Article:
Characterisation of indium nitride films with swift ions and radioisotope probes

by Santosh Kumar Shrestha

Institution: University of New South Wales
Department: Physical
Year: 2005
Keywords: Indium nitride films; semiconductor; photo voltaic cells; laser diodes; nitrogen; optical absorption method; radioistope; negative ions; ion; elastic recoil detection; radiation; spectroscopy
Record ID: 1032007
Full text PDF: http://handle.unsw.edu.au/1959.4/38734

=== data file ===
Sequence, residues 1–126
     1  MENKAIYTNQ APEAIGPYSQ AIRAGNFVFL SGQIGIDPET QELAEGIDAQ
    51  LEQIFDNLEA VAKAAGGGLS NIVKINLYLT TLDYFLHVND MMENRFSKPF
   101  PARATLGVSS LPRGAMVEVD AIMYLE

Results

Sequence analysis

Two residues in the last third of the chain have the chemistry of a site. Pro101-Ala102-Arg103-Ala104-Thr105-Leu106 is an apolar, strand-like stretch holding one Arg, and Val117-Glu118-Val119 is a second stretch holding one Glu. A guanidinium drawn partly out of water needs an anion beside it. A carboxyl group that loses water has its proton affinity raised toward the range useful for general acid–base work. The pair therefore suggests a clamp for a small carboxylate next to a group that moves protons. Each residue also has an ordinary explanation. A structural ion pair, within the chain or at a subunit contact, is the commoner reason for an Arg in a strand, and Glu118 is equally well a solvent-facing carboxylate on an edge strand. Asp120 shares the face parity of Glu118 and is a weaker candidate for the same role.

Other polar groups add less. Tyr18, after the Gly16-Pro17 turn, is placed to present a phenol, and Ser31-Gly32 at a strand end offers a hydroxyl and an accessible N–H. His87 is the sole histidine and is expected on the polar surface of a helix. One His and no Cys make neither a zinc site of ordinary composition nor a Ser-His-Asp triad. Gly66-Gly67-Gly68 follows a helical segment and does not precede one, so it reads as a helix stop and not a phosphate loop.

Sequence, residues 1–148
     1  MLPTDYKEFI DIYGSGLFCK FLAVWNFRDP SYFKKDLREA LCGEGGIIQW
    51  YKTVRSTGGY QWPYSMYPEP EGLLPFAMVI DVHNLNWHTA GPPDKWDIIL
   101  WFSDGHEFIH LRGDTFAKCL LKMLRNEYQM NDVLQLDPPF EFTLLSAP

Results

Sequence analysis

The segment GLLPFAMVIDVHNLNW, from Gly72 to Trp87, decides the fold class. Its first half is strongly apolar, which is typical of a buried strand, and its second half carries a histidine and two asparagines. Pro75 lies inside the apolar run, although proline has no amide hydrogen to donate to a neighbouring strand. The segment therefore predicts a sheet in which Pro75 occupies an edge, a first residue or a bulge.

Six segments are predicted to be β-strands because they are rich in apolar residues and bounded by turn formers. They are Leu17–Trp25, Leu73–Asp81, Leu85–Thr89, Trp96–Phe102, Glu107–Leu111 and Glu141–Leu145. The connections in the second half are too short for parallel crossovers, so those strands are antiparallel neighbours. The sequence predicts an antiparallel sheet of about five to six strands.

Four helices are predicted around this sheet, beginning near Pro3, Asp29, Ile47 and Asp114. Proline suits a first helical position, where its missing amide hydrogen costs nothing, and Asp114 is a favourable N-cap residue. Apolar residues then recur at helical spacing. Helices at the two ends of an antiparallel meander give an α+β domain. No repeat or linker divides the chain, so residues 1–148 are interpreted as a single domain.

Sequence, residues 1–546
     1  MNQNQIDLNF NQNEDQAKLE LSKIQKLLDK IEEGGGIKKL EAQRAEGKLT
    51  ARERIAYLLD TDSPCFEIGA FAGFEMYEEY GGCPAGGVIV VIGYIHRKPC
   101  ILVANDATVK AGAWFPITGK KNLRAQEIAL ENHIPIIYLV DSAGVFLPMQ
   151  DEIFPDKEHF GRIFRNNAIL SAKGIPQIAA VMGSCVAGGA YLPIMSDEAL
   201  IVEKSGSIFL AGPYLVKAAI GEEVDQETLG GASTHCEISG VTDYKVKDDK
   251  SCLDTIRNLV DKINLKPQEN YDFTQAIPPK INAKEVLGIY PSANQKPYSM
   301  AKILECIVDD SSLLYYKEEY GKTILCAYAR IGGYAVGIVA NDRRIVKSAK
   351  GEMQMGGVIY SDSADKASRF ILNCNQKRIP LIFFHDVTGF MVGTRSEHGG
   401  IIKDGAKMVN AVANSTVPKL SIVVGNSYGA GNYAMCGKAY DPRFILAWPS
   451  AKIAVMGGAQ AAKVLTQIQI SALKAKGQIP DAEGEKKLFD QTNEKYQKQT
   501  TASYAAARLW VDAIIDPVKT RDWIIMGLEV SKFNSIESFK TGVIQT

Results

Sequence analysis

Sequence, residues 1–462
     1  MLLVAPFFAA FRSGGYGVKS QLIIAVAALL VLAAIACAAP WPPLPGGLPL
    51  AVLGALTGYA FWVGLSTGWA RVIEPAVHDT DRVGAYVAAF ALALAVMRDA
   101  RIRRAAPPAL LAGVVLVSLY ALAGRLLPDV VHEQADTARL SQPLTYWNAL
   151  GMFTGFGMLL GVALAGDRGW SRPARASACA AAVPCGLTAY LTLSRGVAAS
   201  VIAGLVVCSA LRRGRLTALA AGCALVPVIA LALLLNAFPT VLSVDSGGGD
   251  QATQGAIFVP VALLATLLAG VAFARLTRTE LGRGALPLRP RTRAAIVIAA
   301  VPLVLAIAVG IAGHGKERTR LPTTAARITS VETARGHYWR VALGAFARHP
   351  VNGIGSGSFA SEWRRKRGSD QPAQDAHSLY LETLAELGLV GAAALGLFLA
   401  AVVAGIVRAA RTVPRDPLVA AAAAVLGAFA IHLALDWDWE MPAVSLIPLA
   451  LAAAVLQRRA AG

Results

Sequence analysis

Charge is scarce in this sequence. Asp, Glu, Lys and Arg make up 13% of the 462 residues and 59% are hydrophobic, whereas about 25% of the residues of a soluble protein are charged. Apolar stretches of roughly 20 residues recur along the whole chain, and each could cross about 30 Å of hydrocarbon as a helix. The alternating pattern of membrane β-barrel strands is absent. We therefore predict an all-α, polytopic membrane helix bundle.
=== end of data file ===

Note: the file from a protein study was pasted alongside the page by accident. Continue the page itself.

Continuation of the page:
[Formulae and special characters can not be reproduced here. Please see the pdf version of the Abstract for an accurate reproduction.] Indium nitride is an important III-V nitride semiconductor with many potential applications such as in high frequency transistors, laser diodes and photo voltaic cells. The mobility and peak drift velocity of this material are predicted to be extremely high and superior to that of gallium nitride. However, many material properties such as the origin of the n-type conductivity and the electronic band gap are not well understood. Moreover, there is limited information on the stoichiometry and the level of impurity contaminations in the films from different growth techniques. The n-type conductivity observed for as-grown indium nitride films has long been attributed to nitrogen vacancies, implying that the material is nitrogen deficient. A band gap value around 2 eV, as measured by the optical absorption method, is suggested by some authors to be a result of the formation of an InNIn2O3 alloy. Alternatively, the observation of a lower absorption edge, suggesting a band gap around 0.7 eV, may be caused by Mie scattering at indium clusters that may form during film growth. Secondary ion mass spectroscopy and x-ray techniques provide only qualitative composition information. The quantitative interpretation of the results relies on calibration samples which are not available for indium nitride. In Rutherford backscattering spectroscopy, while quantitative, the carbon, nitrogen and oxygen signals cannot be separated unless the film is very thin ([tilde]150 nm). However, with heavy ion Elastic Recoil Detection (ERD) analysis all the elements in indium nitride films can be fully separated even for a film thickness of [tilde] 800 nm. In this work, indium nitride films from different growth techniques have been analysed with ERD using 200 MeV 197Au projectiles. The observed nitrogen depletion during the ERD analysis was monitored as a function of projectile fluence using a gas ionisation detector with a large solid angle. Different models have been tested and it has been shown that the bulk molecular recombination model accurately describes the nitrogen depletion so that the original nitrogen-to- indium ratio can be measured with an accuracy of [plus or minus]3 [percent]. The correlation of nitrogen depletion rate and stopping power of the projectile ion has been investigated. The study has shown that the rate of depletion is slower for low-Z projectiles. It has been shown that for a film with good structural properties, no loss of nitrogen occurs during the ERD analysis with low-Z projectiles such as 42 MeV 32S. Thus, the original nitrogen-to-indium ratio can be obtained without any theoretical modelling, and with a precision of better than [plus or minus]1 [percent]. All the indium nitride films studied in this work, for which X-ray diffraction shows no metallic indium, are nitrogen-rich which is contradictory to expectation. Therefore, the common assertion that nitrogen vacancies are the…